meet my 1950’s pink atlas sewing machine

Sewing machines come in all shapes & sizes. Currently, my Tiger Lily sewing studio has 6 different sewing machines.

I know. I know. I can hear you now!

Holy Moly! You can only sew on one at a time, why so many?

Let me explain. :)

Well to a sewing & quilting junky…..fabric is our 1st “crack” addition. (Can we ever have too much? No, I don’t think so either!)

And for me, sewing machines are becoming a close 2nd place runner up.


The most recent addition to the Tiger Lily machine family is this beautiful Pink Atlas.

Picture it. Beautiful day, February 2020 (Pre-COVID crazy) at the local Goodwill is Leesburg, VA.

I’m doing my normal scouting for fabulous sweaters that need to live their next best life as a one of a kind Tiger Lily Gnome. After sweater hunting, I venture back into the furniture, household goods area…..because to be honest, I might have a little problem collecting project furniture that I will bring back to life with a few coats of Annie Sloan paint. Do I need another end table? No, I do not!  But, you just never know what gems you are going to find…..but I digress.

On the floor, back in the back….was this tattered old sewing machine box. After spending what seemed like 10 minutes to figure out the crazy vintage metal clasp thingy to open it…..I got her open. OH MY GOSH! It’s a PINK sewing machine. It was the cutest thing I had ever seen. Stickered at $24.99. I knew I had to have her in my life! My first thought was, I have a artist friend who made a lamp out of old sewing machine parts…how adorable would a pink sewing machine lamp look in my studio. YES!

She weighed an ever loving ton, but I got her paid for and loaded up into my car.

I was like a kid on Christmas morning when I got home.  I opened the box up and found out not only was she a gorgeous piece of sewing history, she came with her original box of attachments, instruction manual….AND when I plugged her in she started up. Oh my goodness, she’s not going to be a lamp….I can sew with this beauty.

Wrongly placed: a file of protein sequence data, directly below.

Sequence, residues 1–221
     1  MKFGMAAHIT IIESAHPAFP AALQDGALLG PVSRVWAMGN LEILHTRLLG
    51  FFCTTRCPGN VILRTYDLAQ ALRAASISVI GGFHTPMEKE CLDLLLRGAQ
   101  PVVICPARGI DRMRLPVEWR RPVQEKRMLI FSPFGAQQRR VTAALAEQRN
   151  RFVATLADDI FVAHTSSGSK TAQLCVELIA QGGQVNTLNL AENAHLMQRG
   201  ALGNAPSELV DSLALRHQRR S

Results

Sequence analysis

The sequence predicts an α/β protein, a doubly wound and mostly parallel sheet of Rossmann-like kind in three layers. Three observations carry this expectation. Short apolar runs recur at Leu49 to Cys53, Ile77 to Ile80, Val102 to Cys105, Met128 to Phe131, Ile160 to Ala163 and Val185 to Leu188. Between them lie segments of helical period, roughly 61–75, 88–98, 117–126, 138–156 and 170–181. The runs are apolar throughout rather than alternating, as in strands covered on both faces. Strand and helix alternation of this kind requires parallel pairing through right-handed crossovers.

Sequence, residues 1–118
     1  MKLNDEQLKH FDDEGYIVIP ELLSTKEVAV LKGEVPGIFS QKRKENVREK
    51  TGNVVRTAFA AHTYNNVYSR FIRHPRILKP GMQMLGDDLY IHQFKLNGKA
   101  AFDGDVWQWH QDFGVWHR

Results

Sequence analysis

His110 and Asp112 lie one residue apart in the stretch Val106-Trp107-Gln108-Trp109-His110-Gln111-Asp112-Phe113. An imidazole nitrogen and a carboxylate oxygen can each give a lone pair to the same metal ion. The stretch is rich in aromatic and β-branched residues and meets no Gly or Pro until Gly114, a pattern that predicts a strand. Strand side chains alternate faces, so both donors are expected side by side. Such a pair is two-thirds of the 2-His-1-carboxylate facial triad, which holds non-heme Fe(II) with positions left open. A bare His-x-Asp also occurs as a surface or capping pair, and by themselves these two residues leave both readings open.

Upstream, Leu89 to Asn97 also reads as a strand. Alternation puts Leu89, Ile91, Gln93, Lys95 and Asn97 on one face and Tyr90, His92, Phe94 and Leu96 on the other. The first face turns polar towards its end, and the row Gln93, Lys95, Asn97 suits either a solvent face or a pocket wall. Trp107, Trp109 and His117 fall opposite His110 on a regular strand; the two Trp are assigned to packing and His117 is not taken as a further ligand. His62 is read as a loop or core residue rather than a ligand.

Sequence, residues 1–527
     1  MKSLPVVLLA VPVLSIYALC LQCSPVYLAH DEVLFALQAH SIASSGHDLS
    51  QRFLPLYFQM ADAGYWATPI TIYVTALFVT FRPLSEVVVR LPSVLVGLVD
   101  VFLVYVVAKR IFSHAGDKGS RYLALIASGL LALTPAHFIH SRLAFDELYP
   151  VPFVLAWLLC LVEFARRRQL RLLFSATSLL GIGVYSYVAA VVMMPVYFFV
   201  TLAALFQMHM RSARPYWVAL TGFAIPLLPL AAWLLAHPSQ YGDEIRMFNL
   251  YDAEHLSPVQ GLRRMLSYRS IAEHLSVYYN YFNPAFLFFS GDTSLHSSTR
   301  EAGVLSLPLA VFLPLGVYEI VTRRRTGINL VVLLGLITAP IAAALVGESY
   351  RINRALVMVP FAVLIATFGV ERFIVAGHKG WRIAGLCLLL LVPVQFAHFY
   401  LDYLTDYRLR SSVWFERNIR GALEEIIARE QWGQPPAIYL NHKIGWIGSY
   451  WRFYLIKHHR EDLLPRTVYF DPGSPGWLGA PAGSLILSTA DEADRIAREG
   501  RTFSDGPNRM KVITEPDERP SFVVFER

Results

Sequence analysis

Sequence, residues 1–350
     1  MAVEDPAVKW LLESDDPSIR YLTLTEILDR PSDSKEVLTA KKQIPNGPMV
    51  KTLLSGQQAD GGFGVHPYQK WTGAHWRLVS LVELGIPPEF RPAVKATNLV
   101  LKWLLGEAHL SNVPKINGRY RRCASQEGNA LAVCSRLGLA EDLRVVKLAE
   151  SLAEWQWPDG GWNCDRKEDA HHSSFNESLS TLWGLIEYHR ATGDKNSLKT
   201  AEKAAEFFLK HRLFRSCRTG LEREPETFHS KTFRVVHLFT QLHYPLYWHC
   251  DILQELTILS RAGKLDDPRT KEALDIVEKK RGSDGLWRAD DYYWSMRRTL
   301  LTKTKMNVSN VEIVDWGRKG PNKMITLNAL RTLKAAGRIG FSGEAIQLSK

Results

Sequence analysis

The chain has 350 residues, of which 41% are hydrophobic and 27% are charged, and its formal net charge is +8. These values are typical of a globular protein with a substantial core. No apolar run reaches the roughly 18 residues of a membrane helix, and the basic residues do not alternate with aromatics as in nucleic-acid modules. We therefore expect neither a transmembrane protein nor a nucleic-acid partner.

Then became my obsession to find out all the things about the beauty. Google to the rescue!

The original Atlas sewing machine company lasted for about 40 years, from 1874 to 1914, yet there is very little information on the company. Then in the 1950s and 60s, there was another Atlas sewing machine produced by Brother. Those machines were famous for their bright colors. Manufactured in Japan, sold in the states by Brother. Made of all metal parts (not a piece of plastic on this beauty), she weighs over 30lbs.

She sold for $219.50 in the 1950s. Quite a pretty penny for 70 years ago.

Although, she did turn on and the needle would go up and down with the pedal….she was in dire need of some TLC before I could truly see what she was capable of.  Thankfully I’ve got a guy. A wonderful local sewing machine repair man who keeps all my machine running in tip top shape! He was excited for the the challenge to bring this beauty back to life.

2 weeks later he returned her to me and said “This is a workhorse! Industrial machine fast and super straight.”

OMG! She sews like a dream.

Doesn’t have the bells and whistles of the new modern machines with their automatic foot, knee bars, thread cutters..and so much more…..BUT she also doesn’t have a computer that thinks it knows better. I can set all the knobs & dials, and sew straight for hours and hours, not missing a beat.

When I first bought this beauty, I thought she was just going to be a pretty decoration…..nope, she works just as hard as my fancy machines AND she looks gorgeous doing it!  That’s 100% my type of girl!

What machine do I need next? What is your favorite?

Drop me a comment if you are here. (Or if you are shy, that’s ok too. Maybe after a few posts you can wave Hi 😊)

Until next time.



Kari aka Tiger Lily


For Fun – Here’s a full list of the Tiger Lily Studio Machines:

Husqvarna Lena

Husqvarna Sapphire

Husqvarna Serger

Babylock Coronet Long Arm

Bernina 790 Plus

Vintage Pink Atlas